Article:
How did my patrol end?
When that soldier looked at me, when our eyes locked for a fraction of a second, he wasn’t looking at an electronics technician. He was looking at someone who out-ranked him and he gave me a fraction of a second to be his leader. I sensed that moment, like I was trained to sense it, and I immediately made a decision. In that critical moment, I became his leader.
The Sergeant was out there, somewhere, with a radio. The other radio was in the armoured personnel carrier (APC) about fifteen minutes away. If we could get back to the APC, we’d be able to communicate with the Sergeant. If we had to search the town, we’d be safer in the APC. I decided that we would make our way back to the APC.
Initially getting from the APC to the town square was a routine patrol but getting back to the APC was anything but routine. We moved carefully, quickly and quietly, covering each other like soldiers do. When I saw the square outline of the APC, we dropped to one knee, raised our rifles and looked through our optical sights. Standing about ten metres in front of the APC was the Sergeant. His plan had changed. He told me why, but I can’t remember. All I remember is that the patrol went from critical and back to routine.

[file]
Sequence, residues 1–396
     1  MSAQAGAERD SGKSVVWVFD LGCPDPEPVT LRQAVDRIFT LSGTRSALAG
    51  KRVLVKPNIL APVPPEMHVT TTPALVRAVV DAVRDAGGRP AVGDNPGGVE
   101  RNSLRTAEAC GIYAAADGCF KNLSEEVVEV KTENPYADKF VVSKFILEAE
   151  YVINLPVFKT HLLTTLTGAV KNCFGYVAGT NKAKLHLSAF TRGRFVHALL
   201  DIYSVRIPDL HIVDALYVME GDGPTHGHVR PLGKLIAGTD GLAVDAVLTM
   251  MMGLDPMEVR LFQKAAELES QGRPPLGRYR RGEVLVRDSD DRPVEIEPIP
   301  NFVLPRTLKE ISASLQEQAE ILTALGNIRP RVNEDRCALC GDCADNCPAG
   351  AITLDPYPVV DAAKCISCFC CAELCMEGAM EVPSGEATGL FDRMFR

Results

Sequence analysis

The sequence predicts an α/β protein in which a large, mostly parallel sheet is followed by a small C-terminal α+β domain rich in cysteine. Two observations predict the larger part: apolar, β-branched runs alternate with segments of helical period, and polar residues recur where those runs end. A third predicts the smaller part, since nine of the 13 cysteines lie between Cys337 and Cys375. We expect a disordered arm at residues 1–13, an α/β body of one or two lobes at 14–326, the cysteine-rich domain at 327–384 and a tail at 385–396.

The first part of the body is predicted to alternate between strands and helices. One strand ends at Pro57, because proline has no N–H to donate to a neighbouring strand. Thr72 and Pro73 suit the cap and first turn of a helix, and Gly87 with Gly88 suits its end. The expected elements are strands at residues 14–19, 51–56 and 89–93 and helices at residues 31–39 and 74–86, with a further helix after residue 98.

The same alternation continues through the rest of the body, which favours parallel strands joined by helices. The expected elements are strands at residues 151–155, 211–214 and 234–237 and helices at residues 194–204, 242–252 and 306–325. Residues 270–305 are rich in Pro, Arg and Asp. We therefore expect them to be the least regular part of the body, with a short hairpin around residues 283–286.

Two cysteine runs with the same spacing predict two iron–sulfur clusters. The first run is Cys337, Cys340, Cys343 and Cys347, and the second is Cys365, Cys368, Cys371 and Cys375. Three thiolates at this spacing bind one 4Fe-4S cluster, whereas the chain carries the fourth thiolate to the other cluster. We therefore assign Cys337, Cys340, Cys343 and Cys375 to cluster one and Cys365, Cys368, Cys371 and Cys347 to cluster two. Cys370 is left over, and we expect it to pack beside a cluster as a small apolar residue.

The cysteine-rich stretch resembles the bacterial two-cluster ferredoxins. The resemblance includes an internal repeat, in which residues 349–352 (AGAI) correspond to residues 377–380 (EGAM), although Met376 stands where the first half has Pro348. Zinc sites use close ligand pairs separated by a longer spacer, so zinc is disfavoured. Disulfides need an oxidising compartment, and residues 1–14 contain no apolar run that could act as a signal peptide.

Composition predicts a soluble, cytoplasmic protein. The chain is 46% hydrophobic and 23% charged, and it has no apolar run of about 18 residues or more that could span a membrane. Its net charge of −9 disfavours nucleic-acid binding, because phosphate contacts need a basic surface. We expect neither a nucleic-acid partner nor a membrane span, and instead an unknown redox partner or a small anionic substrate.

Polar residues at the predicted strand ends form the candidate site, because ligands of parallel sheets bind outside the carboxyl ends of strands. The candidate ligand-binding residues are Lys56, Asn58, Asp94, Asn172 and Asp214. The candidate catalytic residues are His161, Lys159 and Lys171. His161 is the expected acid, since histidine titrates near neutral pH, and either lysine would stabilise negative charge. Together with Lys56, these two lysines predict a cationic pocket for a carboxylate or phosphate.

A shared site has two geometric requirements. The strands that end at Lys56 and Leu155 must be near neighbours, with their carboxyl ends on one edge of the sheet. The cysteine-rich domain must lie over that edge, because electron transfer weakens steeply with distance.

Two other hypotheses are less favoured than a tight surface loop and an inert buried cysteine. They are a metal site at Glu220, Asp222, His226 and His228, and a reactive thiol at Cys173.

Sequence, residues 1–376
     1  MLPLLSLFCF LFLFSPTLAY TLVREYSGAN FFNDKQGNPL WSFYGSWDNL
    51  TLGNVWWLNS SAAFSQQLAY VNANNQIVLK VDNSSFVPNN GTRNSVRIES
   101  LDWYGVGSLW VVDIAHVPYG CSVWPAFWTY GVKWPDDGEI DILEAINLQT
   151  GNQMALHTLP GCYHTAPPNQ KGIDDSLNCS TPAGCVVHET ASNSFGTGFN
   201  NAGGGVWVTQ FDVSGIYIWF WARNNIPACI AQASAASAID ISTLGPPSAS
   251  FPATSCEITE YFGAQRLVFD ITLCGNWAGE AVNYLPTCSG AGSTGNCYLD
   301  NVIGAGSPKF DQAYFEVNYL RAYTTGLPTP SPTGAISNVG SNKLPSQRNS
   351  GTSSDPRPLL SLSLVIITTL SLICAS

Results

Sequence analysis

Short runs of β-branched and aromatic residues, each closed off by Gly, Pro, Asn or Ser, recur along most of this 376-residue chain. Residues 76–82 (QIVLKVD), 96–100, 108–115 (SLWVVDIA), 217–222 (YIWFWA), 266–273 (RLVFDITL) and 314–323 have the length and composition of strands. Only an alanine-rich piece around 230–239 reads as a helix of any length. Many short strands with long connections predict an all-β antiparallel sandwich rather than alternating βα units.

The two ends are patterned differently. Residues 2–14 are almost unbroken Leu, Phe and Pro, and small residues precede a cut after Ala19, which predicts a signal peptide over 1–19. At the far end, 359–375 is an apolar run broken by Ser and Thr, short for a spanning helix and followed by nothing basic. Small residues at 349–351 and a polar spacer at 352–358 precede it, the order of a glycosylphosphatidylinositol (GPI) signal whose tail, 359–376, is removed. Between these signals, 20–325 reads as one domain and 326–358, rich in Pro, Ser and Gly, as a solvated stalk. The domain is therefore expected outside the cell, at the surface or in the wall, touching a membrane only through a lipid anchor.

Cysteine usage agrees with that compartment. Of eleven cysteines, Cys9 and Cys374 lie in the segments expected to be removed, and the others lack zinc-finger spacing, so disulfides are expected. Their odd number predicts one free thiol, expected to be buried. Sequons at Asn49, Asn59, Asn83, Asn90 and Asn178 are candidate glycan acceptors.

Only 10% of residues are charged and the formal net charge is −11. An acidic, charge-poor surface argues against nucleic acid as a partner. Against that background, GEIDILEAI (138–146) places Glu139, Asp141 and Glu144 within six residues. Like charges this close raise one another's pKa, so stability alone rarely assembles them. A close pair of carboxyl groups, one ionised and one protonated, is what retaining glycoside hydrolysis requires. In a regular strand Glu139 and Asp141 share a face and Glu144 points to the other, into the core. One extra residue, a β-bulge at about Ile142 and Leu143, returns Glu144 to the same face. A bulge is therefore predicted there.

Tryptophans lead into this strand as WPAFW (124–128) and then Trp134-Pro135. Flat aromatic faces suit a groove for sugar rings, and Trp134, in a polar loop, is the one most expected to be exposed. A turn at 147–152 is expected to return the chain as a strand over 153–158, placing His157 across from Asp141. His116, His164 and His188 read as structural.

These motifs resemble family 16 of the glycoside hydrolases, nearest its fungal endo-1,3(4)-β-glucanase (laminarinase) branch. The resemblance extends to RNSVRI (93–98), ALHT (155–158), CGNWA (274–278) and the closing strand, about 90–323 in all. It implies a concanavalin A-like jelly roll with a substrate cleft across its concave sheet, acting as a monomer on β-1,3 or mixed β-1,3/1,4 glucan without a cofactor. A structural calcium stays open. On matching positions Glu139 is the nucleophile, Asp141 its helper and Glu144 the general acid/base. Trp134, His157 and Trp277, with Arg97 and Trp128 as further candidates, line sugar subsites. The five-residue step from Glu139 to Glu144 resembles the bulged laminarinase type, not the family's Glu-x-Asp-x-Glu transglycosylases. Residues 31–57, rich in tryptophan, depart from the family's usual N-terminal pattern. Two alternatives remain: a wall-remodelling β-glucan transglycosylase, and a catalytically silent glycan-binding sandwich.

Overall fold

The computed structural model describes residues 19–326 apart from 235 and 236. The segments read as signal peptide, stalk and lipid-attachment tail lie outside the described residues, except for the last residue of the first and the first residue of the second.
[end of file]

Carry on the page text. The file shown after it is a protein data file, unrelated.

Train for critical moments
Have your leaders train your emerging leaders to be successful in their critical moments. Keep that training focused on those moments. Make it meaningful. Make it powerful. If you do, you will create a generation of leaders who, when the consequences of failure are too high, when being good enough most of the time is not enough, will be successful. No one is born knowing what to do in critical moments. They need that training.
Thank you to the sponsors, my fellow presenters, and everyone who made the Bold Summit a success. It was an honour and humbling to be a very small part of this very big effort.